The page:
You might already be familiar with Hori’s $59.99 Split Pad Pro, which reimagines the Nintendo Switch’s Joy-Con controllers as if they were trapped in the gym. Hori launched the controller a few years ago alongside Demon X Machina. It’s designed for people with large hands, or rather anyone whose hands feel cramped using the Switch’s included controls. Like Joy-Cons, the Split Pad Pro slides into the sides of your Switch, but it’s about twice as wide, thicker, and has ergonomic grips and contours. Each button, trigger and stick is larger and therefore easier to control. With these changes, the Switch feels like an entirely different (and better) console for gaming on the go.
Since debuting in late 2019, Hori has released multiple colorways, but this week the company launched a brand new accessory. It’s the Split Pad Pro attachment, which bundles Joy-Con-style gamepads with a wired USB attachment that can use them with your Switch when it’s in docked mode.
The Attachment is light on extra features considering its $79.99 price tag, in addition to giving you a wired controller option. It offers a headphone jack and buttons to adjust the volume or mute your headset’s microphone, if it has one. That’s really the whole pitch of this new bundle, and strangely, the attachment can’t be purchased separately.
There’s no reason current Split Pad Pro owners should feel pressured by the accessory, but it’s more enticing for first-time buyers. Although, if you spend more time using the Switch on the go than at dock, I’d suggest just getting the gamepads to save some cash. For such an expensive accessory, it seems limited to being connected to the Switch via a cable, not to mention that the headphones will cause another cable to dangle between you and the TV. And depending on your gaming setup, the nearly 10-foot-long cable might not be long enough.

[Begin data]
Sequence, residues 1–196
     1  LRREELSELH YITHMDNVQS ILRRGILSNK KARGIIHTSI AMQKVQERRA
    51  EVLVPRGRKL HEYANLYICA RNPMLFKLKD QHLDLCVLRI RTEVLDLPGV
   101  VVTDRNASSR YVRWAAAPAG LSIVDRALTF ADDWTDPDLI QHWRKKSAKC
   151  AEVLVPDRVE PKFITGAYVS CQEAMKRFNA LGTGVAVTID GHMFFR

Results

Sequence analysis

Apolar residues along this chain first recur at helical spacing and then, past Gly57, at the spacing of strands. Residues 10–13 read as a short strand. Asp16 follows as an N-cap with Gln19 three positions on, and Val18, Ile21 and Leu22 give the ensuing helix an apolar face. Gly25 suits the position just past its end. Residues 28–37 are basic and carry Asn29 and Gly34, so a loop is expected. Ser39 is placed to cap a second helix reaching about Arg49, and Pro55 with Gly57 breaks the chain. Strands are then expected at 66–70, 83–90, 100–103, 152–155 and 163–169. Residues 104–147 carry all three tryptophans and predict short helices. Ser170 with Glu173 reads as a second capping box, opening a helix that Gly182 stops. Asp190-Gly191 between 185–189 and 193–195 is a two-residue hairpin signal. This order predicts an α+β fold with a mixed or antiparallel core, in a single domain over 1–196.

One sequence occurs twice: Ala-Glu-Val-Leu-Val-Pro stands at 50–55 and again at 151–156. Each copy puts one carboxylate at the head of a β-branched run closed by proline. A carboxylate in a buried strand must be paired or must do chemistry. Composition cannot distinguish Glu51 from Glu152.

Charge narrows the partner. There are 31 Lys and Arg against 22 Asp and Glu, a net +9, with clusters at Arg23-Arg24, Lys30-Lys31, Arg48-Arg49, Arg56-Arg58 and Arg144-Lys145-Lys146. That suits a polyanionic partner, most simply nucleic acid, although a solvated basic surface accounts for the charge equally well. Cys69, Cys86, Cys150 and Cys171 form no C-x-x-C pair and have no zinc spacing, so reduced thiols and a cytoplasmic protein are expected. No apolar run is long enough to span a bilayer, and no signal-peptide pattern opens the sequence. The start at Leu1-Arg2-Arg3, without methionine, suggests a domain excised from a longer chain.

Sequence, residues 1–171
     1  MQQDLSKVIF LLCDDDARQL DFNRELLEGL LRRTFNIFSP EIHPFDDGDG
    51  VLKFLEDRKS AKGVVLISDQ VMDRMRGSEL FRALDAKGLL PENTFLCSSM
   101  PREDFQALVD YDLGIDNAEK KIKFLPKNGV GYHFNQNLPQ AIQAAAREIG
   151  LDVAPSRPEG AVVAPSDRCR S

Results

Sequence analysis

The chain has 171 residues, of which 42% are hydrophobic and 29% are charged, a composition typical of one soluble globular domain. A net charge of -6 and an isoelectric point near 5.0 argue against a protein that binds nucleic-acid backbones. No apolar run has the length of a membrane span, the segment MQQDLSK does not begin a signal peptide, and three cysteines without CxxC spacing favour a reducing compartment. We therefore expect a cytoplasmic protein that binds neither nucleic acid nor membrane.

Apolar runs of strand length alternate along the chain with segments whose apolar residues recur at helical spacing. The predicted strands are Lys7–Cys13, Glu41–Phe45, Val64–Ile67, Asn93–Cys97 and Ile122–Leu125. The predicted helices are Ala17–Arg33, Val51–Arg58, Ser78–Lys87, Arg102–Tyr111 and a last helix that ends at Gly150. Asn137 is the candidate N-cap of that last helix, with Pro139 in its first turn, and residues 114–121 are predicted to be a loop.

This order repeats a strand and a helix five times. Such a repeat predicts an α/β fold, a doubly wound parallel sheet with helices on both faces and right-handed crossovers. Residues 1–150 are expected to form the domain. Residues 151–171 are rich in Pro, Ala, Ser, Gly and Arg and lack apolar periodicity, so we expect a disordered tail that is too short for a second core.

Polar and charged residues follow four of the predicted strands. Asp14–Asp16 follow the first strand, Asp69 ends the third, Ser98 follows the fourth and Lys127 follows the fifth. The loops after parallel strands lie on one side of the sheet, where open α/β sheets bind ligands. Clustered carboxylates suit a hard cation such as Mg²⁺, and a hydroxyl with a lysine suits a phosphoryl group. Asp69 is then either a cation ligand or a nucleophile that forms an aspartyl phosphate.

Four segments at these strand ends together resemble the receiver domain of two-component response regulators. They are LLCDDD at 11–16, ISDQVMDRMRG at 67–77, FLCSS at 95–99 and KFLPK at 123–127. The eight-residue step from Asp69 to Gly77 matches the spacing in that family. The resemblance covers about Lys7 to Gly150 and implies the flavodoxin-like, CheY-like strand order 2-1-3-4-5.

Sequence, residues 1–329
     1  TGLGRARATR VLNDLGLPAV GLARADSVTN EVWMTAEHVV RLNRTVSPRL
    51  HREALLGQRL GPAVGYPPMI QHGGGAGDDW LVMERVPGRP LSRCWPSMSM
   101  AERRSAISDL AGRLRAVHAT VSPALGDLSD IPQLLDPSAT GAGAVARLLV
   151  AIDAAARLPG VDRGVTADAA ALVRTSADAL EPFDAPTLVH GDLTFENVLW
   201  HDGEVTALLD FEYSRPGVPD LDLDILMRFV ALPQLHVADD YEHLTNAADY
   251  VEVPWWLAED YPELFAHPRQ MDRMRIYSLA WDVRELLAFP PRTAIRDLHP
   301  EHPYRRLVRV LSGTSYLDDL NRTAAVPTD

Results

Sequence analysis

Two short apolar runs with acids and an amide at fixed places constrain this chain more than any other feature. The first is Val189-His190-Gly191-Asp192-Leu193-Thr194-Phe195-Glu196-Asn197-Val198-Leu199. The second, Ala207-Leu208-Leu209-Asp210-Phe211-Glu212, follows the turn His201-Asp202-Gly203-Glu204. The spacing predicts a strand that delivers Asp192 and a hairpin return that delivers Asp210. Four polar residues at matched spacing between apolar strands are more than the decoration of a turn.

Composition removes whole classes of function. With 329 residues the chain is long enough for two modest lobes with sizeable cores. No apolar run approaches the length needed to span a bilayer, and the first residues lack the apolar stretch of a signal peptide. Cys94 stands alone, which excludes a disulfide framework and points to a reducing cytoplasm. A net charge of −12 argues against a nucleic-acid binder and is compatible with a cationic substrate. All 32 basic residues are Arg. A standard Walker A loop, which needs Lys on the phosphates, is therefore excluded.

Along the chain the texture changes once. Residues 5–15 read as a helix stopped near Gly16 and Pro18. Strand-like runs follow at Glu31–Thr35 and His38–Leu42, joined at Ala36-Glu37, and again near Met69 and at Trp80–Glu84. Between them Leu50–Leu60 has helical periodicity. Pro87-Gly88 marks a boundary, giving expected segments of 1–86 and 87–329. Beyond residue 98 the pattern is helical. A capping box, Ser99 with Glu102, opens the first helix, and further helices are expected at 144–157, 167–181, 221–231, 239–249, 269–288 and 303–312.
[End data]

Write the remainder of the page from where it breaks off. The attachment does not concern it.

Hori would probably argue that the $79.99 price tag is the cost of buying a set of Joy-Con controllers. But even so, the Split Pad Pro pads themselves are seriously compromised in terms of functionality compared to Nintendo’s Joy-Con. They can’t work wirelessly (as in, when detached from your Switch), and they lack rumble, NFC for Amiibo, and gyro aiming for games that support it. (Although each has a remappable back paddle when connected directly to your Switch.) As for customization, the paddle on the left gamepad can be mapped to any function on the left Split Pad Pro except for the minus and screenshot buttons. It’s similar on the right side, only omitting the plus and home buttons.
Still, despite its flaky value, I love using the Split Pad Pro accessory, largely because of how it feels to use. If you love Nintendo’s Switch Pro wireless controller as much as I do, this Hori controller emulates it well as a comfortable, full-size gamepad. The Split Pad Pro’s analog sticks, triggers and buttons are every bit as responsive as Nintendo’s, with the added benefit (or annoyance, depending on the person) of being hardwired and never needing to recharge.
Funnily enough, I also enjoyed using it as a PC gamepad to play games like Ring of Elden. With this game, the lack of vibration of this product did not bother me. Steam recognized this right away, and if you can get past some of the face buttons that don’t match what’s on screen, it’s a seamless experience, at least in terms of controls. While the attachment can raise or lower the volume in Windows, audio passthrough with its headphone jack does not work. It’s hard to call this a flaw in a product that’s intended to be more of a Switch accessory, but it’s disappointing nonetheless.
Whenever I showed the Split Pad Pro accessory to people in our office, the initial delight turned to confusion when I explained the price and how little capable the accessory itself is. It would be a slightly different story if Hori started including it alongside the Split Pad Pro for a lesser price difference. But as it stands, the Split Pad Pro pads are the only essential aspect of this set, not the attachment.
Photograph by Cameron Faulkner/The Verge